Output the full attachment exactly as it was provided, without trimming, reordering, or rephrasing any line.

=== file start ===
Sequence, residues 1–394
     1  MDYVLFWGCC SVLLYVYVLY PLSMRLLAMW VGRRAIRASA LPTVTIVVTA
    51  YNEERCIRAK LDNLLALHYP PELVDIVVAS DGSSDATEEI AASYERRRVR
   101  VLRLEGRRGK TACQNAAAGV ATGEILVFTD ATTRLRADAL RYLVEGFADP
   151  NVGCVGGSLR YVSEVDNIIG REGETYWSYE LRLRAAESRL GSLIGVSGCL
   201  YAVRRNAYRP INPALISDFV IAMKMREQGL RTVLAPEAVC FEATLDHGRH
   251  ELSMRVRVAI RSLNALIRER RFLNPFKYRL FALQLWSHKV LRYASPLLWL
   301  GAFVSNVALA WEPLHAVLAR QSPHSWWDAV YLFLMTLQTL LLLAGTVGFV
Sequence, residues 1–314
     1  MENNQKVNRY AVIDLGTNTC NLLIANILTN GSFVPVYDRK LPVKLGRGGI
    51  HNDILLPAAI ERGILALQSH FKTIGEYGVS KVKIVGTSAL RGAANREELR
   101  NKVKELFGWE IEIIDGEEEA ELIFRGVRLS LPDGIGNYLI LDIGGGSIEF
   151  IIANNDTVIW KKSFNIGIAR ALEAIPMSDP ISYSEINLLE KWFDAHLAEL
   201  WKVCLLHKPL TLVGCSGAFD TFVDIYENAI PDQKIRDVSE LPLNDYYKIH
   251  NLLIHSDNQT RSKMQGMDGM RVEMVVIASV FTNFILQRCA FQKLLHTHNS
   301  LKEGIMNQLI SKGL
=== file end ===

Sequence, residues 1–394
     1  MDYVLFWGCC SVLLYVYVLY PLSMRLLAMW VGRRAIRASA LPTVTIVVTA
    51  YNEERCIRAK LDNLLALHYP PELVDIVVAS DGSSDATEEI AASYERRRVR
   101  VLRLEGRRGK TACQNAAAGV ATGEILVFTD ATTRLRADAL RYLVEGFADP
   151  NVGCVGGSLR YVSEVDNIIG REGETYWSYE LRLRAAESRL GSLIGVSGCL
   201  YAVRRNAYRP INPALISDFV IAMKMREQGL RTVLAPEAVC FEATLDHGRH
   251  ELSMRVRVAI RSLNALIRER RFLNPFKYRL FALQLWSHKV LRYASPLLWL
   301  GAFVSNVALA WEPLHAVLAR QSPHSWWDAV YLFLMTLQTL LLLAGTVGFV
Sequence, residues 1–314
     1  MENNQKVNRY AVIDLGTNTC NLLIANILTN GSFVPVYDRK LPVKLGRGGI
    51  HNDILLPAAI ERGILALQSH FKTIGEYGVS KVKIVGTSAL RGAANREELR
   101  NKVKELFGWE IEIIDGEEEA ELIFRGVRLS LPDGIGNYLI LDIGGGSIEF
   151  IIANNDTVIW KKSFNIGIAR ALEAIPMSDP ISYSEINLLE KWFDAHLAEL
   201  WKVCLLHKPL TLVGCSGAFD TFVDIYENAI PDQKIRDVSE LPLNDYYKIH
   251  NLLIHSDNQT RSKMQGMDGM RVEMVVIASV FTNFILQRCA FQKLLHTHNS
   301  LKEGIMNQLI SKGL